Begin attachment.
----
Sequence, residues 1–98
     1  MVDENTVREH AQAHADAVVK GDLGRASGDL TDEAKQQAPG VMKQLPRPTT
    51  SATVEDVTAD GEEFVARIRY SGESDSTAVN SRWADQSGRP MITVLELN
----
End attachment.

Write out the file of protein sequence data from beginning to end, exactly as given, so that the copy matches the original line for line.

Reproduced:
Sequence, residues 1–98
     1  MVDENTVREH AQAHADAVVK GDLGRASGDL TDEAKQQAPG VMKQLPRPTT
    51  SATVEDVTAD GEEFVARIRY SGESDSTAVN SRWADQSGRP MITVLELN